Pandora Extends Deadline for KKR Deal to Explore Its Options

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The Pandora offices in Oakland, Calif. The company has seen its user base erode over the last few years as listeners have headed to Spotify, Apple Music and other outlets. Credit Ramin Rahimian for The New York Times

The countdown for a possible sale of Pandora Media was extended on Thursday, as the company weighed investments from the private equity firm KKR and an unnamed “strategic investor” that may well be Sirius XM.

Pandora, which has struggled to hold on to its position as one of the dominant outlets for streaming music, struck a deal a month ago in which KKR would invest $150 million through a purchase of convertible preferred stock.

Under that agreement, Pandora had the right to terminate the deal within 30 days if it found a buyer for the company. That deadline arrived on Thursday.

Early Thursday, Reuters reported that Sirius XM was in discussions with Pandora for a minority investment, after talks for an acquisition failed over the price. Neither company would comment on that report.

But in a statement, Pandora said that it had extended its deadline to terminate the KKR investment “to explore interest expressed by a strategic investor in making a substantial minority investment in Pandora, in lieu of the KKR investment.”

Pandora did not specify a new deadline in its statement, and a spokesman for the company did not respond to a question about it.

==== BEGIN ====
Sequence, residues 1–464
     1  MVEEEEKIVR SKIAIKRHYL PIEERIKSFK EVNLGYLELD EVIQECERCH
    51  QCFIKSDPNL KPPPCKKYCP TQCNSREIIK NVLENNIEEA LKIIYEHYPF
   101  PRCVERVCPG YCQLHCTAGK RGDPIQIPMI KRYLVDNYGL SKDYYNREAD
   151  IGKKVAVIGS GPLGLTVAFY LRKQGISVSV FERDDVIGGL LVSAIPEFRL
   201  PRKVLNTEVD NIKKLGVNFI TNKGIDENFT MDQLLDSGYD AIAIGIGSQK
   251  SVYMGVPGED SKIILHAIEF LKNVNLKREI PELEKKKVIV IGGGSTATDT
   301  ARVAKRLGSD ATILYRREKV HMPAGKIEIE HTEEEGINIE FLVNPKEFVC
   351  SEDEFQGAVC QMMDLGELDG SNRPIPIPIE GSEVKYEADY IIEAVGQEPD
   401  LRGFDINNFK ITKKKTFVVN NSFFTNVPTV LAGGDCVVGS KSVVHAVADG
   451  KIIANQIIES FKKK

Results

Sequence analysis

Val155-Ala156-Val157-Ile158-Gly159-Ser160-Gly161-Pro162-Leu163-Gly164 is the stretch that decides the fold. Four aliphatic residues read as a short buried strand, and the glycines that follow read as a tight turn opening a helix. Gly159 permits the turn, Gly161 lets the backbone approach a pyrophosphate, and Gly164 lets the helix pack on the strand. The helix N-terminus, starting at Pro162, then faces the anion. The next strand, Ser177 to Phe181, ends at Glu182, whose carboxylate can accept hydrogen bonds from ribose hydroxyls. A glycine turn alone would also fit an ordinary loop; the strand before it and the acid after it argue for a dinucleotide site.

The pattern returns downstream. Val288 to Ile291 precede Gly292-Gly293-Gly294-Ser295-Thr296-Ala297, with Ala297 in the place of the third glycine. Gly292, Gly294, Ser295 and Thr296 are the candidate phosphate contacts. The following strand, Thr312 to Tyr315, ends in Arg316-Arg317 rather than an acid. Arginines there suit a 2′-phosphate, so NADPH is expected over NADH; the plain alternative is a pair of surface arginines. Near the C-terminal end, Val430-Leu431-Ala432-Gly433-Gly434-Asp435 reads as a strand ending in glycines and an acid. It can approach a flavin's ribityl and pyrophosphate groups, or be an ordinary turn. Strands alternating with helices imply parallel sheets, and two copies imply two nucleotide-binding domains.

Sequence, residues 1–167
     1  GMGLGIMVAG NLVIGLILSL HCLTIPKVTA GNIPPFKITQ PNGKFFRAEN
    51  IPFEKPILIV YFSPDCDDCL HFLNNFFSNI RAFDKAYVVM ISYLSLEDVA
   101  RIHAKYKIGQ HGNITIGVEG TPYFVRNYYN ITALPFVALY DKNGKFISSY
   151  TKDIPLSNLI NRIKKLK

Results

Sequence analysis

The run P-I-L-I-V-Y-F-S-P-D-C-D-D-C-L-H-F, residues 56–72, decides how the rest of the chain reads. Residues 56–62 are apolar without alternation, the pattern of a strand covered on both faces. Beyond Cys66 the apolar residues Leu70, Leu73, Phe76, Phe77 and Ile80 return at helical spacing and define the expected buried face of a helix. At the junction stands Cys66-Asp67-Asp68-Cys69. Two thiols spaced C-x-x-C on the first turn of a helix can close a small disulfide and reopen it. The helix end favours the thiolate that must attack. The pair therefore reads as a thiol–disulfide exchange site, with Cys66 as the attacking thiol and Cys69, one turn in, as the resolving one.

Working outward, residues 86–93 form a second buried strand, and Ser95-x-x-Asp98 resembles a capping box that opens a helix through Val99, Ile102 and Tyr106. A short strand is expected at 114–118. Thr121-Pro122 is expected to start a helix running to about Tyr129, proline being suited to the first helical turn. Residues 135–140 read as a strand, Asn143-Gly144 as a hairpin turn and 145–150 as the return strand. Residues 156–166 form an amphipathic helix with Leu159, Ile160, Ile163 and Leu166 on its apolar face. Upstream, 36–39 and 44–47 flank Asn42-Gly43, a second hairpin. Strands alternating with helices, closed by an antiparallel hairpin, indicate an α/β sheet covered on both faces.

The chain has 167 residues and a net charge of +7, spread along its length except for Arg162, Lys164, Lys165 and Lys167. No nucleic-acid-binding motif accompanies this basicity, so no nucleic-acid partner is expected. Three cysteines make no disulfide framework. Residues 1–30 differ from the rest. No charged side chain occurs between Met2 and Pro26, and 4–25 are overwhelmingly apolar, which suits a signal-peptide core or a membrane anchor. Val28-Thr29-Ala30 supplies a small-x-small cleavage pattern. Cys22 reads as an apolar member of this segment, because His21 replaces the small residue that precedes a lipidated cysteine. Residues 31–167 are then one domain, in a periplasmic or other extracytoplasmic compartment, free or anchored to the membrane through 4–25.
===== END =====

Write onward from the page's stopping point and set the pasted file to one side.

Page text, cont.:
For Pandora, a new owner or a source of significant new investment may be essential. The company, long the biggest player in internet radio, has seen its user base erode over the last few years as online listeners have headed to Spotify, Apple Music and other outlets. In March, Pandora introduced a new version of its service, Pandora Premium, to compete with those companies.

Last year, Pandora had a net loss of $343 million — up from a loss of nearly $170 million in 2015 — and in the first quarter of this year, Pandora reported the lowest number of active monthly listeners in more than two years, at 76.7 million.

The company’s stock is down about 33 percent year to date. On Wednesday, it closed at $8.48, near its 52-week low. That price put the company’s market capitalization around $2 billion.

For a year, Wall Street has speculated that Sirius XM, the satellite radio broadcaster, would purchase Pandora. The combination, as many analysts see it, could greatly expand Sirius XM’s advertising business and give it a stronger position in internet-connected cars, where Pandora is popular but Sirius XM’s satellite radio business is threatened.

Top executives at Liberty Media, the cable and media giant that owns a majority of Sirius XM’s stock, have stoked much of that speculation. Gregory B. Maffei, the company’s chief executive, has stated repeatedly that he is interested in Pandora, but only at the right price; perhaps as a result, Pandora’s share price has been on steady decline.

A spokesman for Liberty Media did not immediately return a request seeking comment.

Pandora’s shares rose on the news that it was extending the deadline to terminate the KKR investment, increasing about 1.2 percent to $8.56 by late morning.

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